US Signs Deal with Taliban
It's not clear what has been achieved.
The United States has had fighting forces in Afghanistan for over eighteen years.* That may be about to end. Then again, we’ve thought that before.
ABC News previewed the deal yesterday afternoon:
After a week-long deal to reduce violence across Afghanistan, the U.S. and the Taliban are set to sign a historic agreement Saturday that would see U.S. troops start to withdraw, according to a statement issued Friday afternoon by President Donald Trump.
“Soon, at my direction, Secretary of State Mike Pompeo will witness the signing of an agreement with representatives of the Taliban, while Secretary of Defense Mark Esper will issue a joint declaration with the government of Afghanistan. If the Taliban and the government of Afghanistan live up to these commitments, we will have a powerful path forward to end the war in Afghanistan and bring our troops home,” Trump said.
WaPo has just reported that the deal is done:
The United States and the Taliban signed a peace deal Saturday that calls for the full withdrawal of American troops from Afghanistan within 14 months — a turning point in an 18-year war that has cost tens of thousands of lives.
The complete withdrawal of U.S. and coalition troops is contingent on a guarantee from the Taliban that Afghan soil will not be used by terrorists with aims to attack the United States or its allies, according to a copy of the agreement released by the State Department as the signing was underway.
But the Taliban does not have full control over all areas outside government hands. Other factions, including breakaway Taliban groups and others claiming allegiance to the Islamic State, have footholds around the country and potentially could grow stronger without U.S.-led forces to keep them in check.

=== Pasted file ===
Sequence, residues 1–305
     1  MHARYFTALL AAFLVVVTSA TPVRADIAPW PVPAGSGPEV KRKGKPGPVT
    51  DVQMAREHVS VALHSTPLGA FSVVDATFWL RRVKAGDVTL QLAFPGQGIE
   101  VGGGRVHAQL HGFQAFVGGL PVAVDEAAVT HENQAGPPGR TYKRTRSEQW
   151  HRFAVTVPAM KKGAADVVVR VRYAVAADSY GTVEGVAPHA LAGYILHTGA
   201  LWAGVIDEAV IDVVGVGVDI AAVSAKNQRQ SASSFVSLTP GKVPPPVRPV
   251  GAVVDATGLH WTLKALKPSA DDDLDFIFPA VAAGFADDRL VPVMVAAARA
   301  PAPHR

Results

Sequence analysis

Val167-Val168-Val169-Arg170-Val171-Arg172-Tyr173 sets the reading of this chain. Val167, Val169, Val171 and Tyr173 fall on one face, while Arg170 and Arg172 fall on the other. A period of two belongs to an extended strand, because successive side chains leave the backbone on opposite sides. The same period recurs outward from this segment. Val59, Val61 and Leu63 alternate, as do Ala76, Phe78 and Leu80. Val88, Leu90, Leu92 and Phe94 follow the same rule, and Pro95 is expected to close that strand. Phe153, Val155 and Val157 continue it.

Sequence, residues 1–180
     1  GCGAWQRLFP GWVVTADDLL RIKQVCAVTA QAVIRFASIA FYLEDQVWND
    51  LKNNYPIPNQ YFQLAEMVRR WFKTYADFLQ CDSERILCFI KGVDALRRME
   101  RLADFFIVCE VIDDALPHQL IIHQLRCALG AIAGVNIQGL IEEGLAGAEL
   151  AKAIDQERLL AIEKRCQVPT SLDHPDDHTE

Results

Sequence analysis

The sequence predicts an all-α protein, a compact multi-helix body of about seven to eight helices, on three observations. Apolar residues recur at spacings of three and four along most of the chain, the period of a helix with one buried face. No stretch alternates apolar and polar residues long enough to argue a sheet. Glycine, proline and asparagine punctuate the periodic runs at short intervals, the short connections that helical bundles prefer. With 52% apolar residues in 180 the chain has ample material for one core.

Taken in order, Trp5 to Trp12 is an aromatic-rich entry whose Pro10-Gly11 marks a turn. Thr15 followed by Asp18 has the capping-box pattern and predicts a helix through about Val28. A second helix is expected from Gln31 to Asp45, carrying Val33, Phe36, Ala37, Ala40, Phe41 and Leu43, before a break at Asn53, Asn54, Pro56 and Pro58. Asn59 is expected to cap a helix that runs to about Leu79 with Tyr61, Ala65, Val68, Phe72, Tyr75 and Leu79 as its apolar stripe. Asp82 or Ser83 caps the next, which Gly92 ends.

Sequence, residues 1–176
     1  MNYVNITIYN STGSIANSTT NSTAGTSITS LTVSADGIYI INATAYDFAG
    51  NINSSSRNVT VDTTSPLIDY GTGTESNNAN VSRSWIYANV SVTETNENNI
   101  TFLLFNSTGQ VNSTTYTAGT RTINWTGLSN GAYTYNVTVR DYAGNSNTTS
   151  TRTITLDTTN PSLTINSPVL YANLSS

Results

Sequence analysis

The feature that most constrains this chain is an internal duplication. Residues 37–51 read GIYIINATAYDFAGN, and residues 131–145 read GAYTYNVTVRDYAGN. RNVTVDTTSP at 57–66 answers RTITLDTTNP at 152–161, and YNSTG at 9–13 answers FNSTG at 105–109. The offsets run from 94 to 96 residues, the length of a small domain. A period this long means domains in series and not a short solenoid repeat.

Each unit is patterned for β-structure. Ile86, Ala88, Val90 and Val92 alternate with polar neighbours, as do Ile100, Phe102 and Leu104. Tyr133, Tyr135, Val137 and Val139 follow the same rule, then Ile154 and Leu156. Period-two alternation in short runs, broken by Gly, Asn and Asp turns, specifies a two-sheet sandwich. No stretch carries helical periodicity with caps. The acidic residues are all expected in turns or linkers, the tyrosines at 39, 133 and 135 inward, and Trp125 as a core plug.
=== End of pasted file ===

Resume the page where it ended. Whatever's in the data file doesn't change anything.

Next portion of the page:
Other major challenges lie ahead: Afghanistan’s deepening political crisis, a controversial prisoner swap and complex intra-Afghan talks that could drag on for months or longer.
Even the relative calm in Afghanistan over the past week — a precondition for the peace deal signing — was thrown into question.
The spokesman for the Taliban’s Qatar office, Suhail Shaheen, told The Washington Post that the Taliban hoped for a “permanent solution” to violence levels. But the pledge for a week-long period of reduced violence has “ended,” he said.
The deal signing came after a seven-day “reduction in violence” in which U.S., Afghan and Taliban forces pledged not to carry out offensive operations. The agreement does not specify whether that commitment would continue. Instead, it notes that a cease-fire would need to be agreed upon in intra-Afghan talks that are expected to start in 10 days.
The withdrawal will begin with a drawdown to 8,600 troops within 135 days, according to the document. During that time, U.S. allies and coalition members will also proportionally draw down their forces.
The war in Afghanistan in some ways echoes the American experience in Vietnam. In both, a superpower bet heavily on brute strength and the lives of its young, then walked away with seemingly little to show.
American efforts to instill a democratic system in the country, and to improve opportunities for women and minorities, are at risk if the Taliban, which banned girls from schools and women from public life, become dominant again. Corruption is still rampant, the country’s institutions are feeble, and the economy is heavily dependent on American and other international aid.
The signing of the agreement in Doha, Qatar, which followed more than a year of stop-and-start negotiations and conspicuously excluded the American-backed Afghanistan government, is not a final peace deal and could still unravel.